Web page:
Director: John Woo
Genre(s): Action, Thriller
Runtime: 97 minutes (standard version), 99 minutes (unrated version)
MPAA Rating: R
The 1993 Jean-Claude Van Damme vehicle Hard Target was the first film that director John Woo made in the United States. It’s not Woo’s best movie, but I think it holds up very well. In this frenetic action-thriller, unemployed Cajun tough guy Chance Boudreaux (Jean-Claude Van Damme) crashes the party of a group of wealthy goons who hunt the homeless for sport in New Orleans. Don’t worry, that’s not a spoiler, as it’s revealed in the opening sequence.
The snake-punching action scenes are the reason to watch, almost needless to say. Realism makes no cameo appearances, with the combat being as over-the-top as possible (are all the guns firing high-explosive rounds?). The squibby carnage is choreographed with John Woo’s usual panache, and it’s a delight to watch Van Damme make mincemeat out of over a couple dozen baddies. Most of the violence comes from firearms, but the Muscles from Brussels gets the opportunity to show off his hand-to-hand fighting moves on occasion.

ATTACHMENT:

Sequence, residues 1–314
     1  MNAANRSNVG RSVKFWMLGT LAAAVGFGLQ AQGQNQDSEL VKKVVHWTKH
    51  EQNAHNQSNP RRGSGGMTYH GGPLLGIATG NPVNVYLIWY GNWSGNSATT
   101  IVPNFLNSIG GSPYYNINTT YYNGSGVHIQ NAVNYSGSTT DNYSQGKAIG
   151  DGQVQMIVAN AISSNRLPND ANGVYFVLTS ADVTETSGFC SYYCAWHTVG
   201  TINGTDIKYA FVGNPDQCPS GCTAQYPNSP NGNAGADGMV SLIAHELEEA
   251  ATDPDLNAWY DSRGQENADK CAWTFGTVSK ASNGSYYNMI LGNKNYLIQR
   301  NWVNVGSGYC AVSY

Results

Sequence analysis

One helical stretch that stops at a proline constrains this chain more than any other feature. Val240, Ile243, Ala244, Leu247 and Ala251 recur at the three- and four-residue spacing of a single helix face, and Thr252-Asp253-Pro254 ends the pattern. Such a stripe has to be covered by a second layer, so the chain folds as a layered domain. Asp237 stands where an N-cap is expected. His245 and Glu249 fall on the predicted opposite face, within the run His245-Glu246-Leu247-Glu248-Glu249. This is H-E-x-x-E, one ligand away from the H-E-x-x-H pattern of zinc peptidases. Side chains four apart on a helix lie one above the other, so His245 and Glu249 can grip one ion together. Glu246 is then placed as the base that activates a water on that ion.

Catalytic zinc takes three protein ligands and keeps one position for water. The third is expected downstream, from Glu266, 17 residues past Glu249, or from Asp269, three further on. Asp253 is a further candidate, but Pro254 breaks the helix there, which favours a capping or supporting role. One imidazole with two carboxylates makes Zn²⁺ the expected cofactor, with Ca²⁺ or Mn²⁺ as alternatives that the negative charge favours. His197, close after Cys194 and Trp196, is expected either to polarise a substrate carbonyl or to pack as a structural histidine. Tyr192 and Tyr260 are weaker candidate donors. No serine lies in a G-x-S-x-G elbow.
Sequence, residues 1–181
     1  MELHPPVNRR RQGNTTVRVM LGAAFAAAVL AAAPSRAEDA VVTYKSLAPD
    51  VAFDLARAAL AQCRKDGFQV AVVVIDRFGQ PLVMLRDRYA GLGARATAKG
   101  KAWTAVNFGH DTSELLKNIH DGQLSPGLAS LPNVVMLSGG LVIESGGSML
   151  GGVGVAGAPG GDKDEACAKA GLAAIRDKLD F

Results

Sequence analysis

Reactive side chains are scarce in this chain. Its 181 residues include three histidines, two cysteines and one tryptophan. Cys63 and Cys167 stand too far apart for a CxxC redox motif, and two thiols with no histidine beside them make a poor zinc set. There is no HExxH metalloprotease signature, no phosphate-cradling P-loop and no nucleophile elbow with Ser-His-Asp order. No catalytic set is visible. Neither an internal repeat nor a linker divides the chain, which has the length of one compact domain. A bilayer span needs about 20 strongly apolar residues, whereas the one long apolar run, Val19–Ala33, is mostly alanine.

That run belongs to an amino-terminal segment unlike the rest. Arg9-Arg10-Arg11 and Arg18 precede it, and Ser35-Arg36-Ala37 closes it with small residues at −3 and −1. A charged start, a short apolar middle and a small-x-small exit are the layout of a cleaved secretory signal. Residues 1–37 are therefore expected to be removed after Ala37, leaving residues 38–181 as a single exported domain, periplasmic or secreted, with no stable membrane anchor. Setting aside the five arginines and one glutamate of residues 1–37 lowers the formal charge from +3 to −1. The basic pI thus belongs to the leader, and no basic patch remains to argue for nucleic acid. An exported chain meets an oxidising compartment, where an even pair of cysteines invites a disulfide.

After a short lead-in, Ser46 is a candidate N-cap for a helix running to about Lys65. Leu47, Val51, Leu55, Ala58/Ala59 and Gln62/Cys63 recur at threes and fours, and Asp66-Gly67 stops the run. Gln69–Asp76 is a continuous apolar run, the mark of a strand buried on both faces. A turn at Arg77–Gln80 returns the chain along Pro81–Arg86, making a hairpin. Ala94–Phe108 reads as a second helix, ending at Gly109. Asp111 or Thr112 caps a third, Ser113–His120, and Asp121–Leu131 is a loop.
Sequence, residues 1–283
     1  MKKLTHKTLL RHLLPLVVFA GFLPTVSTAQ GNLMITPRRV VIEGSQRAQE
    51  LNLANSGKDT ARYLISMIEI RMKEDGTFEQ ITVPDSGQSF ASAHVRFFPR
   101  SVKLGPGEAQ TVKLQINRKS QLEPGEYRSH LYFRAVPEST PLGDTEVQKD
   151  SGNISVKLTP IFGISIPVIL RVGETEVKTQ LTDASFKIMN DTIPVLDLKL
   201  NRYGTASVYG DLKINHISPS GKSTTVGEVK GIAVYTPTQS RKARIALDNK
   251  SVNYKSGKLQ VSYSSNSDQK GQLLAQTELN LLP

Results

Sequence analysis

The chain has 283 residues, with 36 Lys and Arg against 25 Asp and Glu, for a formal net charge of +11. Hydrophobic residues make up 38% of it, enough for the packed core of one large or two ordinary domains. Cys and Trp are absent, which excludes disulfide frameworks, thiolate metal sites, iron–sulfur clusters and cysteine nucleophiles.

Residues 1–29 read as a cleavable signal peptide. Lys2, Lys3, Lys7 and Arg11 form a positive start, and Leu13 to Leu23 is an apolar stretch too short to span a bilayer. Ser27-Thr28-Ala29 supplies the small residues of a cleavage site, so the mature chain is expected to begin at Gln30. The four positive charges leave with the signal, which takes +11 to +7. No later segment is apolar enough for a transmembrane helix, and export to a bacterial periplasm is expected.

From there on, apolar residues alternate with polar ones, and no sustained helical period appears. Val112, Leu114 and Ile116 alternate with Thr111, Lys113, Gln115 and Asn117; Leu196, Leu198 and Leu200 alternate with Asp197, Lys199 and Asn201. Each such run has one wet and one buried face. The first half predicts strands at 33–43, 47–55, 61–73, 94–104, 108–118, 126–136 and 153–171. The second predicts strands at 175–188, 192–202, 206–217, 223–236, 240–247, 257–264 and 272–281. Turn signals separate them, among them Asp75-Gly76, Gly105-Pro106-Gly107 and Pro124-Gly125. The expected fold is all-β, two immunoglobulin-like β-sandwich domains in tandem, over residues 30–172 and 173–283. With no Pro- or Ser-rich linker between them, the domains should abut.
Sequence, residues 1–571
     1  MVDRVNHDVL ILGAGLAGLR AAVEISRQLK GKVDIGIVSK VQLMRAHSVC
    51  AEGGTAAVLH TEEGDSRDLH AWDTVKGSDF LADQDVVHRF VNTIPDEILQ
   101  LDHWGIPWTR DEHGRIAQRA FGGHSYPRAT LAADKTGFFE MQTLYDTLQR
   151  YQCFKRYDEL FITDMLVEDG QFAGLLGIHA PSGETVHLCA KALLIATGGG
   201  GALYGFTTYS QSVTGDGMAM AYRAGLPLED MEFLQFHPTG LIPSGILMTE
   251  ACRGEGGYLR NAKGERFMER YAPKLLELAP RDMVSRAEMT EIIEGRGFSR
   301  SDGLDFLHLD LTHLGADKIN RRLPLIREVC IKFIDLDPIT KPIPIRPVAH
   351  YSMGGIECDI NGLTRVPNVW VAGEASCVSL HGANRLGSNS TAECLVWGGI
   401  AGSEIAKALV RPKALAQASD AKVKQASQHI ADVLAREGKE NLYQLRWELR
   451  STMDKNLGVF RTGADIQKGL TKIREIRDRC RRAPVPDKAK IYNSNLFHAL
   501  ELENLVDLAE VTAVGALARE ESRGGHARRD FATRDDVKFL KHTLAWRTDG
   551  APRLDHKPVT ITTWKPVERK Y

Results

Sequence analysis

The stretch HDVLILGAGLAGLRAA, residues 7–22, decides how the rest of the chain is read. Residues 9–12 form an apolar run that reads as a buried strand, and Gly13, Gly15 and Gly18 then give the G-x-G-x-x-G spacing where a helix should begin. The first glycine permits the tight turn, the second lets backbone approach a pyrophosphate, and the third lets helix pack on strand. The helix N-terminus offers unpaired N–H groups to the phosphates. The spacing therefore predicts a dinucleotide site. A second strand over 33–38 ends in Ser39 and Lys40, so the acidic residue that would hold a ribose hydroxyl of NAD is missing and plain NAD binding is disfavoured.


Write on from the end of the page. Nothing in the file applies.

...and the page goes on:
Yes, it’s a shoot-’em-up flick (and a mighty stylish one at that), but the rest of the motion picture’s moving parts work effectively enough. The simple story is immediate and gripping, while the heroic characters are engaging. Wilford Brimley shows up as swamp-dweller Douvee, and his scenes really light up the screen. The villains, including Emil Fouchon (Lance Henriksen) and Pik van Cleaf (Arnold Vosloo), are slimy and easy to hate.
The rating description for Hard Target by the MPAA says that it is rated R “for a great amount of strong violence, and for language [italics mine].” Don’t threaten me with a good time, MPAA! An unrated cut also exists. Anyway, this terrific action movie is one of Woo’s better Hollywood works, even if it is unsubtle as Hell. Of course it ends with “Born on the Bayou” by Creedence Clearwater Revival playing on the soundtrack! It’s just that sort of film.
My rating is 8 outta 10.